Two weeks can be a long time in politics, hell two minutes can be a long time in politics. Careers can be broken, made and remade; politicians can go from the flavor of the month to the poor cousin and vice versa. It has been more than two weeks since David Cameron announced the EU referendum and a serious contest has gradually emerged from all the bravado and maneuvering. In the grand scheme that is the EU referendum two weeks is a small amount of time, but these two weeks determines the flavor of the next six months and beyond.
Keen to make an immediate gain in the contest were the Bremain campaign, who exploited their existing connections in the business world to produce a 200 business strong letter in The Times newspaper voicing their businesses support for staying in the EU. The implication of this being that their businesses and their employees would both support this intention.
Prominent members of the Brexit campaign made statements in the press denouncing this as governmental propaganda, also citing the notable absence of two thirds of the UK’s main FTSE 100 companies from the letter. It is clear that many of the UK’s businesses remain undecided on whether exit from the EU is good for the UK.
Outside of the campaigns the director of the British Chambers of Commerce, John Longworth was forced to resign after expressing pro Brexit opinions. It was an exit that the campaign rounded on, with cries of double standards and accusations of governmental pressure being brought to bear on the BCC. Some have expressed the belief that Mr Longworth was made to resign by the Brexit campaign rather than the Bremain, as a political bear trap that the government was made to step into, however the truth remains elusive in this regard.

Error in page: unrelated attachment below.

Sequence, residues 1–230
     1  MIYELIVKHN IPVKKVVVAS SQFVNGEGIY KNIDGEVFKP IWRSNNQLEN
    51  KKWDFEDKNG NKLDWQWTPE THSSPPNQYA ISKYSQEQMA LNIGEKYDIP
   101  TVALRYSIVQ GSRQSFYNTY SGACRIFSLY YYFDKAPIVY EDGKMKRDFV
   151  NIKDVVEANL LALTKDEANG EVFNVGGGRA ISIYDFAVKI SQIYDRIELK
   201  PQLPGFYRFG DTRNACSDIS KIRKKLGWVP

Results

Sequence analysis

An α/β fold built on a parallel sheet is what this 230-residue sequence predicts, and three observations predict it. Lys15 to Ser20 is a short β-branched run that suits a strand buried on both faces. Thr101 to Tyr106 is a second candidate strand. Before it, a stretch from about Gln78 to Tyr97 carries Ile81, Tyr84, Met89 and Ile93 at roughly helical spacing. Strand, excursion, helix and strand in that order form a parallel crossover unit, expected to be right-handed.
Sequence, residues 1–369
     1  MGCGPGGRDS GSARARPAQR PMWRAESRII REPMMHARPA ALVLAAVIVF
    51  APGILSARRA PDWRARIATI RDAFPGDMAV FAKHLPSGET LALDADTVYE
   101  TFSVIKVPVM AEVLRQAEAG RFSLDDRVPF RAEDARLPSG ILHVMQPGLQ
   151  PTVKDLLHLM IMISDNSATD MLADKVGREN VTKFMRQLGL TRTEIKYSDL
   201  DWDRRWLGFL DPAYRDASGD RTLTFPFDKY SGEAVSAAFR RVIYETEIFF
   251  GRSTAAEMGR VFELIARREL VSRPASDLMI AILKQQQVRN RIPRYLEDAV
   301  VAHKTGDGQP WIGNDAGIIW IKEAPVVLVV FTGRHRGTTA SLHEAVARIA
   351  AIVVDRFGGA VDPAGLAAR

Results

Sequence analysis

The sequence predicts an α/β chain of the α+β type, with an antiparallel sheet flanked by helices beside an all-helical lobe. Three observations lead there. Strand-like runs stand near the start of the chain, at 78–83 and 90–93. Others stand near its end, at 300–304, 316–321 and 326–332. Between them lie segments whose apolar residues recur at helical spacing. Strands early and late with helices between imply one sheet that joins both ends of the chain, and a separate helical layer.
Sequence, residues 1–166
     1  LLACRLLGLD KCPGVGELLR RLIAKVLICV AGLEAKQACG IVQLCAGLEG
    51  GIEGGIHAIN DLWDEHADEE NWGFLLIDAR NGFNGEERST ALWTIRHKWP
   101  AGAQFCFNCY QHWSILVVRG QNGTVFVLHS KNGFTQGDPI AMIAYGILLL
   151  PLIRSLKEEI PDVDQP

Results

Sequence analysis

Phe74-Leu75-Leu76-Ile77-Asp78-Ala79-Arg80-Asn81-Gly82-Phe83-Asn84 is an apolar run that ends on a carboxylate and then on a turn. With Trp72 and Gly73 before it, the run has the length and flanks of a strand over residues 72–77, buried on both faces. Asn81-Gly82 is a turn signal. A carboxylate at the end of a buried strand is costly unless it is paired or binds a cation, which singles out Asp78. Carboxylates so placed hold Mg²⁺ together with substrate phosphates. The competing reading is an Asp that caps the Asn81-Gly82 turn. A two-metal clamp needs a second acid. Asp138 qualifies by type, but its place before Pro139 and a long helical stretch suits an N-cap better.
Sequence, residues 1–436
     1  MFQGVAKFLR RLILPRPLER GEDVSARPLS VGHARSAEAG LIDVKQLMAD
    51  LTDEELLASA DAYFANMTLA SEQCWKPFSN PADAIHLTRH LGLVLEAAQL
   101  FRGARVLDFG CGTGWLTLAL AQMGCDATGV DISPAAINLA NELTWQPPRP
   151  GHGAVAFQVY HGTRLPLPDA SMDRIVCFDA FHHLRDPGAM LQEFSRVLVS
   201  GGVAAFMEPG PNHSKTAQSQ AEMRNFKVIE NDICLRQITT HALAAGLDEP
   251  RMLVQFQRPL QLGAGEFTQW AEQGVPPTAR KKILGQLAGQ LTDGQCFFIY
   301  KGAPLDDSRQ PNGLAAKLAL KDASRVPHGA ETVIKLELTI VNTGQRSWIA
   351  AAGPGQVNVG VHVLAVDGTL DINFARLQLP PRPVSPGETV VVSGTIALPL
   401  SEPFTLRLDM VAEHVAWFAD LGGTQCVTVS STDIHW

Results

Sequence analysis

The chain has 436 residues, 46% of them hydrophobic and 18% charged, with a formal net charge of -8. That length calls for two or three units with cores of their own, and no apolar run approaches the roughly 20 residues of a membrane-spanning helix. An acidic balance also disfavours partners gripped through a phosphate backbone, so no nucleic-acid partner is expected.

Boris Johnson and the other politicians in the Brexit campaign have been keen to stress the presence of Project Fear: a concerted governmental effort to make the general public so afraid of the consequences of an EU exit that they are forced to vote to remain. It was a campaign that was very effective in the Scottish referendum and could quite easily be in operation here in the UK.
A major consequence of the EU referendum has been the dropping by the government of plans to reform pension’s tax relief. It is an abandonment of plans that smacks of electioneering, in so much as higher and additional rate taxpayers are the bedrock of the conservative party and to bring these changes now could result in a revenge EU exit vote from them.
It has been a long time since wholesale appeasement was the flavor of the month in British politics, but with so many interested parties in this referendum debate we can expect a climate of voter grabbing headlines, statements in both parliament and the media all designed to gain one thing above all: Your Vote. It’s up to you to decide how you use it.
© R Simmons. All Rights Reserved.